Northern sennet

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Northern sennet
Sphyraena borealisA.jpg
Scientific classification edit
Kingdom: Animalia
Phylum: Chordata
Class: Actinopterygii
Order: Scombriformes
Family: Sphyraenidae
Genus: Sphyraena
Species:
S. borealis
Binomial name
Sphyraena borealis
De Kay, 1842

The northern sennet, Sphyraena borealis, is an ocean-going species of fish in the barracuda family, Sphyraenidae. It was described by the American zoologist James Ellsworth De Kay in 1842. De Kay's description was part of several volumes he published regarding the fauna of New York from 1842-1849.[2] Northern sennet are also known as northern barracuda.[3] While generally considered a gamefish it has only rarely been used as food by humans. [4]

Description[edit]

Like other members of the family Sphyraenidae, northern sennet have elongated bodies, pike-like heads, and large jaws.[5] The lower jaw protrudes slightly from the upper jaw, both of which contain fang-like teeth.[5] They have two dorsal fins, which are widely separated on their backs. The anterior dorsal fin usually possesses spines, while the posterior only has rays.[5] Northern sennet have 24 vertebrae. They also have five or six spines on their dorsal fins and 9 rays. Their anal fins have only two spines and 7-9 rays.[6] Northern sennet can grow to be up to 46 cm in length,[7] but they are generally considered the smallest of the barracudas - with many adults growing to less than 1 ft (0.3 m) in length,[8] and the greatest recorded weight being only 0.93 kg.[9]

Northern sennet are olive-colored, dorsally, and silvery-white ventrally. They also have several dusky blotches along their lateral lines.[8]

Distribution and habitat[edit]

Reefs, such as this one made of elkhorn coral, serve as habitats to northern sennet off southern Florida.

Northern sennet can only be found in the western Atlantic Ocean. Although they normally occur in subtropical climates from 43°N - 18°N latitudes,[6] they can be found from Canada[10] and Massachusetts to southern Florida, the Gulf of Mexico,[6] where they are generally reef associated,[6] and the eastern coast of Panama.[8]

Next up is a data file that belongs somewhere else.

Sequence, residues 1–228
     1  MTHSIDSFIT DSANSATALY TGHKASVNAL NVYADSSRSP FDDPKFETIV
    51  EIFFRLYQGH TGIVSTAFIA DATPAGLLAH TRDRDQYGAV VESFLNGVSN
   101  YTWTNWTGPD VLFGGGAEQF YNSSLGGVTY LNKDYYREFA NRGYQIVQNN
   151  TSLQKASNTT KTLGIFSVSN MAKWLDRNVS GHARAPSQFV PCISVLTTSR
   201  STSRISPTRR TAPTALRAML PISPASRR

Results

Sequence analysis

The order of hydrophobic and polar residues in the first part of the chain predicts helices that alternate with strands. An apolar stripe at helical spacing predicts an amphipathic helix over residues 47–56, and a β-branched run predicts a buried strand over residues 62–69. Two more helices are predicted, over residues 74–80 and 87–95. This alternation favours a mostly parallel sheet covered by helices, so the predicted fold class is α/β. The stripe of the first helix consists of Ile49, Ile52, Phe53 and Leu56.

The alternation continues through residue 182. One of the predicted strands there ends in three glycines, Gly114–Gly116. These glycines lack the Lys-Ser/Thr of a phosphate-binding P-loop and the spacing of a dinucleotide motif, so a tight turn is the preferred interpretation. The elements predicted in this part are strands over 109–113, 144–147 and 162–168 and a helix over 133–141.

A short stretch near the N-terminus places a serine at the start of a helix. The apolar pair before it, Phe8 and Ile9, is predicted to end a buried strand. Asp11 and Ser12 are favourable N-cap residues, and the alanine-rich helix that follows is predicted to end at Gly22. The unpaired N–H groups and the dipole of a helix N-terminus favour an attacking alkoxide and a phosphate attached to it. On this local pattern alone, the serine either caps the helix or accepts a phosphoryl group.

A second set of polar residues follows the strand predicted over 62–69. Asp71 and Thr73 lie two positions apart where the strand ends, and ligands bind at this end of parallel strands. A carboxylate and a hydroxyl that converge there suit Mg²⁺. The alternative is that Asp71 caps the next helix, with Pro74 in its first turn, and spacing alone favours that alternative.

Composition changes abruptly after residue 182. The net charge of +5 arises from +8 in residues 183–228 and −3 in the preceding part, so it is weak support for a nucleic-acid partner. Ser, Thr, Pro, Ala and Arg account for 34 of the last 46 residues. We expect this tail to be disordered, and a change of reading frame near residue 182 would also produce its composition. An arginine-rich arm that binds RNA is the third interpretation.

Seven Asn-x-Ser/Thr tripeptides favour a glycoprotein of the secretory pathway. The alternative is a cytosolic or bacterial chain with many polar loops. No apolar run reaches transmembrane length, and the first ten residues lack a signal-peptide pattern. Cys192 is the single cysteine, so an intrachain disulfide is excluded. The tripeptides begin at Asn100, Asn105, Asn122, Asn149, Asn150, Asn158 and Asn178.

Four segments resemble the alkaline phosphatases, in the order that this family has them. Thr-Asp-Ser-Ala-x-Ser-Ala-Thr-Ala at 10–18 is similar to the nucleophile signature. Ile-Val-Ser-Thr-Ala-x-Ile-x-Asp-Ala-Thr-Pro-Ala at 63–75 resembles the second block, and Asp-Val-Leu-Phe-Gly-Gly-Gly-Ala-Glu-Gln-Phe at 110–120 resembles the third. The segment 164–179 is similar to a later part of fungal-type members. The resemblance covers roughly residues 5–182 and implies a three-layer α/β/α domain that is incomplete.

References[edit]

  1. ^ Dooley, J.; Collette, B.; Aiken, K.A.; et al. (2015). "Sphyraena borealis (errata version published in 2017)". The IUCN Red List of Threatened Species. 2015: e.T20666166A115385705. doi:10.2305/IUCN.UK.2015-4.RLTS.T20666166A20683423.en.
  2. ^ "James Ellsworth De Kay". Biographical Dictionary of Hypogean Fish Researchers. Archived from the original on March 10, 2009. Retrieved July 9, 2009.
  3. ^ "Northern barracuda". Fishbase. Retrieved July 9, 2009.
  4. ^ Jordan, D., Evermann, B. 1922. American Food and Game Fishes. New York. Doubleday Page and Company.
  5. ^ a b c * Froese, Rainer, and Daniel Pauly, eds. (2006). "Sphyraenidae" in FishBase. January 2006 version.
  6. ^ a b c d Froese, Rainer and Pauly, Daniel, eds. (2009). "Sphyraena borealis" in FishBase. 07 2009 version.
  7. ^ Robins, C.R. and G.C. Ray 1986 A field guide to Atlantic coast fishes of North America. Houghton Mifflin Company, Boston, U.S.A. 354 p.
  8. ^ a b c "GMA.org entry on Northern sennet". Retrieved 2009-07-10.
  9. ^ "Suborder SCOMBROIDEI, SPHYRAENIDAE pdf" (PDF). Retrieved 2009-07-13.
  10. ^ Scott, W.B. and M.G. Scott 1988 Atlantic fishes of Canada. Can. Bull. Fish. Aquat. Sci. 219: 731 p.

External links[edit]